This Is Not Who We Are

I doubt there is a New Zealander anywhere, of any political persuasion, who would argue with the words from New Zealand Prime Minister Jacinda Ardern – “this is not who we are”.  New Zealand was chosen by a madman because, by killing here, he could make the point that nowhere was safe. Our goodness was our vulnerability. Our goodness is the reason for our hurt. But I reject the idea we should retreat into darkness. I see no reason for New Zealand to become less welcoming to refugees. I do not believe we should arm the police or change our open, generous society because one lunatic took advantage of our compassion.

I guess I feel particularly hurt today because I have a couple of mates who are Muslims. Eyad came to live in New Zealand as a refugee from Syria. I met him when I was coaching in Saudi Arabia. I managed to get him special permission to train with me. Until then he had been denied access to my public Saudi swimming pool because of his Syrian nationality. I convinced him that he would never face that injustice in New Zealand. After yesterday I know I lied. Now he cannot pray without wondering whether he will leave the mosque alive. I am so sorry Eyad. All I can ask is that we agree with the Prime Minister, “this is not who we are.” Our life must not change. You must swim as you always have. You must study engineering as you do. You must pray as you always have. One madman must not change the goodness we enjoy.

Another Muslim mate is Eyad’s older brother Yamen. He also trained with me in Saudi Arabia. He is a dentist and still lives in Jeddah. This morning I had a WhatsApp message from Yamen. It said simply “We stand with New Zealand”. Makes you think doesn’t it? New Zealand had just been the scene where 49 Muslims had been murdered for being Muslim and he still stood by us. I know he will be concerned about his little brother in New Zealand. I imagine his emotions will have changed from admiration for the opportunities available to Eyad to deep concern. But still he found room to feel for our country. Thank you Yamen. Rest easy. Your brother is safe. This is not who we are.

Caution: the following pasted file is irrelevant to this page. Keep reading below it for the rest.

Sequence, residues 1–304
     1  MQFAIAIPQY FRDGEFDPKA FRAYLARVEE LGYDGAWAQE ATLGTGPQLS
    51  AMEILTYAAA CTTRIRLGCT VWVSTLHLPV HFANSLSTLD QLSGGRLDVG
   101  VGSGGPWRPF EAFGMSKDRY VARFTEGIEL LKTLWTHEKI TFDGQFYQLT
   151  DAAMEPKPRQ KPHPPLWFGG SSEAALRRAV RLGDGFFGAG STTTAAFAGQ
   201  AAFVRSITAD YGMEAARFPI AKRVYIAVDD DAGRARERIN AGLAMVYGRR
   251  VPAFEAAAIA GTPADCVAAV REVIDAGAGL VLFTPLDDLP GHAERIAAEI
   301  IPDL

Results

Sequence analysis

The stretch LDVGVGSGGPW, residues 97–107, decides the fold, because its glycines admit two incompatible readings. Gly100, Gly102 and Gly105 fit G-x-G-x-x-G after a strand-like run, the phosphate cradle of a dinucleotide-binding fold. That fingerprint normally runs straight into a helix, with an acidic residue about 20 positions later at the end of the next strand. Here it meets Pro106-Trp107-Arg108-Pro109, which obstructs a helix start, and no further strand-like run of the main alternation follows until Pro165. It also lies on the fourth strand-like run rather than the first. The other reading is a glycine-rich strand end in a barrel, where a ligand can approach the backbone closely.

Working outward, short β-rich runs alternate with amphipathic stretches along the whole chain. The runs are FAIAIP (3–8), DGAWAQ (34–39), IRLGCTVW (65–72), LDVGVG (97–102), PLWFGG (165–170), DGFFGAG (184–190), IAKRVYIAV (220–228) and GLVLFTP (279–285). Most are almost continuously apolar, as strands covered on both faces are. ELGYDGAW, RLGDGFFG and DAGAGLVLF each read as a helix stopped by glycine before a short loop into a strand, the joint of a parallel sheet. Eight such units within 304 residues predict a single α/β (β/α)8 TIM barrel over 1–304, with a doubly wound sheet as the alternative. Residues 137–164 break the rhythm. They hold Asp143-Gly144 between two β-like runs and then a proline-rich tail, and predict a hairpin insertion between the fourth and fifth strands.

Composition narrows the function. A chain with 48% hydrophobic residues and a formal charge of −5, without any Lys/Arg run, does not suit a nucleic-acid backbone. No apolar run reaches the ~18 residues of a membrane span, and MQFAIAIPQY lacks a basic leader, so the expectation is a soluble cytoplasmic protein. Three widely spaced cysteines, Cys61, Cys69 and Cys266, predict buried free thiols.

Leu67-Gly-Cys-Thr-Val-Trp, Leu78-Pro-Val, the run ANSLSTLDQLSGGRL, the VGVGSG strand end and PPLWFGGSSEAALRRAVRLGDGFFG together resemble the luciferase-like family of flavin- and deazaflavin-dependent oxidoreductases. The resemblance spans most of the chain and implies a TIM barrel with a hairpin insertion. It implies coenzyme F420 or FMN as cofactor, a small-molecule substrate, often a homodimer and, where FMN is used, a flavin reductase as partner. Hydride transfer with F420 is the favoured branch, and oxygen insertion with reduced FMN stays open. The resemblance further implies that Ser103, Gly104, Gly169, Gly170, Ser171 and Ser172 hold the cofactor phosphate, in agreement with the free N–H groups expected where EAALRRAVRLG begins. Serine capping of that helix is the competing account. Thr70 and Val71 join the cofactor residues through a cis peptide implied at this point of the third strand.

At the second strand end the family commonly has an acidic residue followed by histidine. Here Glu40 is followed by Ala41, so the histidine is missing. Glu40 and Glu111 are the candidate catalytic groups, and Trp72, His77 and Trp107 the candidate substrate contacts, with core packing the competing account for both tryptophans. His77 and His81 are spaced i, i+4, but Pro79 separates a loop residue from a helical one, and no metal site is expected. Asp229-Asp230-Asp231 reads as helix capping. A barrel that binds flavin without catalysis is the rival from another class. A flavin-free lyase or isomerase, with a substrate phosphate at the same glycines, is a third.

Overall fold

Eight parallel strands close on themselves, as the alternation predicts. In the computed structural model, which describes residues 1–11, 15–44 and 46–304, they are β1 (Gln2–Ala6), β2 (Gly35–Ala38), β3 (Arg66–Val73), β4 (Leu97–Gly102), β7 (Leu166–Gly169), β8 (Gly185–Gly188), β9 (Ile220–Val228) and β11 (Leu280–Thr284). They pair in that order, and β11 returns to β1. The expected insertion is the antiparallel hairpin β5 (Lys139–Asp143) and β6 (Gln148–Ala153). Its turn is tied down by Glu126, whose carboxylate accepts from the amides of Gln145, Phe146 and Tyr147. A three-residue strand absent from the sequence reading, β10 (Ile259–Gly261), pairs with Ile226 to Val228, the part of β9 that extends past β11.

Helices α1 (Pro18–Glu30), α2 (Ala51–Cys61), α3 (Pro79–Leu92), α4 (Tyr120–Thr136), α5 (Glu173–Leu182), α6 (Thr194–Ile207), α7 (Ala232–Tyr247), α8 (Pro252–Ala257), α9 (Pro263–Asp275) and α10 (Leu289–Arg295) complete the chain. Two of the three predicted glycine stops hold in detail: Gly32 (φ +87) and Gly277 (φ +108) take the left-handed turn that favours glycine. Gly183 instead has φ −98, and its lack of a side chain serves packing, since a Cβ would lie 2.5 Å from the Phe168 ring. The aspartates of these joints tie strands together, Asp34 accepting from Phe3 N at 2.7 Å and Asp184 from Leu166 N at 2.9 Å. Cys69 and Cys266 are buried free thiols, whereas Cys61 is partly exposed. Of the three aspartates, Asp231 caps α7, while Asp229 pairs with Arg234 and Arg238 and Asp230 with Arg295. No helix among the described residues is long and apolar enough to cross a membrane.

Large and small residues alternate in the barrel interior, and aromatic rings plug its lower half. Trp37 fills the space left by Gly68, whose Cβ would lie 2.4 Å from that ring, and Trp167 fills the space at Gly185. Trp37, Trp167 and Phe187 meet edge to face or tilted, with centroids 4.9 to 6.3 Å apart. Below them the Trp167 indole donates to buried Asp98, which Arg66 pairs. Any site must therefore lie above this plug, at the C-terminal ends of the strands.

And to Eyad and Yamen’s mother and father I apologize for the concern you must have for the safety of your son. I must tell you about Yamen and Eyad’s mother and father. They escaped from Syria because of the war. Their father got a job as a doctor in a local Jeddah hospital. When I was in Jeddah I trod on a nail walking to the pool. My foot became infected and the concern and attention given to me by Dr Masoud probably saved my foot. But his concern did not stop there. He instructed his sons that I was not to be allowed to walk to the pool ever again. I asked him why. The walk was good for me.

“David,” he said, look at yourself in the mirror. Have you seen your white Scottish complexion? We have lived in the desert sun all our lives and no sane Arab walks for an hour in the midday sun in Jeddah”.

He was right and was probably the reason I survived so comfortably through a year in the oppressive heat of Jeddah. His wife and Yamen and Eyad’s mother is a genuine, sincere and gentle women. I have often joked and asked the two boys how such a lovely mother could end up with two sons like hers.

But in addition to the Masoud family there was Loai, Mohamad, Talal, Dena and a dozen others I count as friends. In fact Talal was one of the world’s best pool managers. When I was due to arrive in Jeddah he was convinced my name, David, meant I was certain to be Jewish. One look at me when I walked into his office corrected that impression. He laughingly told me about his forecast and for the next year insisted on introducing me as the Biblical King David.

Loai was a good swimmer – probably the best Saudi Arabia has had. Before being coached by me he lived in the United States and had trained with Dara Torres coach Dennis Lober in Florida and Mark Schubert in California.

Dena is Saudi aristocracy. Her husband is the son of the man who nationalised Saudi oil and formed the huge oil company, Aramco. Dena is a dentist and a competent triathlete. I got to know her as a result of helping her with her swimming training. Her hospitality toward me was welcoming and sincere. I had dinner at their home on a couple of occasions. It was a fascinating look inside the life of the very, very rich in Saudi Arabia.

The point I am trying to make is that in my experience Muslims do not deserve the pariah label handed out by Trump. They are mates of mine, good and honest people. Jacinda Ardern is right – they are us.

Of course there are many things about Saudi Arabia I do not like. Their human rights record is a disgrace. However my sense of national superiority took a huge blow yesterday. Unbowed but humble we need to accept that our country has been the scene of hurt for many delightful and very blameless Muslims. For that I am genuinely sorry. This is not who we are.

0 responses. Leave a Reply

  1. Swimwatch


    Be the first to leave a comment!

Comments are closed.